On December 20, 2015 at 1.13 pm I received a text message notifying me of a stabbing incident at Checkpoint 56 in Hebron’s Old City near Shuhada Street. News would soon talk of a 35 year old woman shot with a rubber bullet as she allegedly attempted to stab a soldier, the latest episode of tension between Palestinians and Israelis. “The soldiers do not allow the ambulances to operate, our children are left bleeding until they die. You could be killed just for taking your ID out of your pocket,” a local Palestinian explained to us.
Only a few days before, on December 11, Israeli and Palestinian media also reported the killing of a Palestinian man for allegedly deliberately driving his car into Israeli military personnel near Halhul junction, north of Hebron, and the killing of Uday Irsheid, 24, shot dead during clashes between Palestinians and Israeli military in the Ras al Jora area in Hebron city.
A new wave of confrontations between Palestinians and Israeli forces and settlers began in mid-September in East Jerusalem, later spreading to other areas of occupied Palestine, including Hebron. I moved to Hebron, Al Khalil in Arabic, a few weeks ago. In this short time, in addition to the reports of the deaths of Palestinians and Israelis, I have witnessed grave incidents of violence and discrimination against Palestinians, including the arbitrary closure of streets, schools and businesses, the intimidation of children at checkpoints and the verbal and physical harassment of men accessing places of worship or work. I also heard of curfews, neighbourhood closures and the punitive demolition of homes belonging to relatives of alleged attackers.
International human rights organisations such as Human Rights Watch, B’Tselem and Amnesty International are documenting how the Israeli military and police have resorted to lethal force against Palestinians perceived as posing a threat to life or serious injury, without ensuring that the threat posed was real. In some cases, lethal attacks on the assailants have not ceased even when they clearly could no longer pose a threat.
Israeli law only allows the use of lethal force as a measure of last resort and to counter a threat to life or serious injury. To act contrary to this and carry out extrajudicial killing is unlawful. International law also obliges all military personnel to use non-violent means to deal with a threat before resorting to force, to use restraint and act in proportion to the seriousness of the offense, to give a warning of their intent to use firearms, and give reasonable time for the warning to be observed. International human rights agencies call for the Israeli authorities to end the pattern of unlawful killings. They are also calling on the Israeli authorities to fulfil their obligations under national and international law and ensure that those suspected of carrying out attacks against the public are arrested and tried before a court.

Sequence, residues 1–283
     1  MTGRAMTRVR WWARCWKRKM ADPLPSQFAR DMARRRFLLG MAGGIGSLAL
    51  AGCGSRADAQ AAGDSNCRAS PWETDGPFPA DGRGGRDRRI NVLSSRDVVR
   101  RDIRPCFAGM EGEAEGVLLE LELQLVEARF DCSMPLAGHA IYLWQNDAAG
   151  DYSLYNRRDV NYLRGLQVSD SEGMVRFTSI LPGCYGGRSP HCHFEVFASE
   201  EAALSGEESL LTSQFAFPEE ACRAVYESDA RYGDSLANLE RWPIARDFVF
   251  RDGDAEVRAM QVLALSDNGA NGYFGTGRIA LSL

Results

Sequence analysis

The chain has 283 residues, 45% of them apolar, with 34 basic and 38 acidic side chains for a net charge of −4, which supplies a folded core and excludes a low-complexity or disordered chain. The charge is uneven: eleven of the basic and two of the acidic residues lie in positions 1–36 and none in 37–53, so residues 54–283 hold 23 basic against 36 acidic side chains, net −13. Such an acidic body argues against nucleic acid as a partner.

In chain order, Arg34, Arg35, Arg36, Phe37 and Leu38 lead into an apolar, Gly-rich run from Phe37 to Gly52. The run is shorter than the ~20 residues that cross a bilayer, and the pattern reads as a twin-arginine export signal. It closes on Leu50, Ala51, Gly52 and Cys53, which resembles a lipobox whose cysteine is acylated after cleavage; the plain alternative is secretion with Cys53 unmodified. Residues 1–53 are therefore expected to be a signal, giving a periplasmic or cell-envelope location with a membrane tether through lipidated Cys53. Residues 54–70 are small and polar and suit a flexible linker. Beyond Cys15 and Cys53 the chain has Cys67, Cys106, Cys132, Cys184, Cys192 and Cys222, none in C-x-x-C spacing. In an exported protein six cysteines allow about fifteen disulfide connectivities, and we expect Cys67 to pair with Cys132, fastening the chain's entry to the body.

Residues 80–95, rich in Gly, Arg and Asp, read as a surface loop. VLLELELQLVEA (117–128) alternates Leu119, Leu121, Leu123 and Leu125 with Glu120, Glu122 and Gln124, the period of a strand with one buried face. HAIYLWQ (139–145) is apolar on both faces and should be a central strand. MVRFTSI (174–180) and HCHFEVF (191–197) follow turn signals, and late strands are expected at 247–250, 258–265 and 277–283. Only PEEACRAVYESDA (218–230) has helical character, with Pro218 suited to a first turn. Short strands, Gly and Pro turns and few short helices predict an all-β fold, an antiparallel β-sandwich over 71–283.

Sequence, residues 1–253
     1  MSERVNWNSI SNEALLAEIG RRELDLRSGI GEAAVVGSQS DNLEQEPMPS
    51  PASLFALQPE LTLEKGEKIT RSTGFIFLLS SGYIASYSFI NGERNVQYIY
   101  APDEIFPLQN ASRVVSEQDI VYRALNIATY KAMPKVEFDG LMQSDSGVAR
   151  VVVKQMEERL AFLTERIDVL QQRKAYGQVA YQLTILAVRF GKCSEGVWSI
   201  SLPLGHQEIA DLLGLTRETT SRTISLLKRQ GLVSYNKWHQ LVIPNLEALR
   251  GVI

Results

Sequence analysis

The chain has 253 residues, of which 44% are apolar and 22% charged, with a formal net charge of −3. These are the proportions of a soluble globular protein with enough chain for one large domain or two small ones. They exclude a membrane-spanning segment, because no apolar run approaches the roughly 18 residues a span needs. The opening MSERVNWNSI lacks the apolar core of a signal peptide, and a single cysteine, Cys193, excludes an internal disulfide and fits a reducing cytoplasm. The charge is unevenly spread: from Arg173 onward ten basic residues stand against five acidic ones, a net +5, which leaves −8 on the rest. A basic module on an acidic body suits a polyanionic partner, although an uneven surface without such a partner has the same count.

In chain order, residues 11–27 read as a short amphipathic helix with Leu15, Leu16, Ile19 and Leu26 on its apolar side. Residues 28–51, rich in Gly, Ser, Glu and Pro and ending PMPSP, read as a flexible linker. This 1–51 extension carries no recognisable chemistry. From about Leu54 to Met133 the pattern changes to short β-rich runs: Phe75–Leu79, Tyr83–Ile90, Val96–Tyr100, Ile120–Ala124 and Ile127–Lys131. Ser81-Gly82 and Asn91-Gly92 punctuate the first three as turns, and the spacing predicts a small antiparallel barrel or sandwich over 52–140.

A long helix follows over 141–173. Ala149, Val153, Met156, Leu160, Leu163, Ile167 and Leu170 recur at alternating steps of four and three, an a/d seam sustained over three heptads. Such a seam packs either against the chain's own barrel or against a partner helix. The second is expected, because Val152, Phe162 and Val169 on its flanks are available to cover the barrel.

The deliberate lethal attacks by Palestinians on Israeli civilians and military forces must also end. Nobody has the right to take somebody’s life away. A Palestinian human rights defender told me few days after my arrival to Hebron that “there is indeed a general spirit of lack of future prospects leading to a number of attacks. For some it is just khalas (enough), suicide”. This suggests that many of these attacks are carried out because of a lack of hope held for the future, rather than for political or nationalistic reasons.
As noted by the UN Deputy Secretary-General during his briefing to the UN Security Council on October 22, 2015, this crisis would have not taken place “if the Palestinian people had a perspective of hope towards a viable Palestinian state, if they had an economy that provides jobs and opportunities, if they had more control over their security and the legal and administrative processes that define their daily existence – in short, if the Palestinians did not still live under a stifling and humiliating occupation that has lasted almost half a century”. It is important to keep this in mind.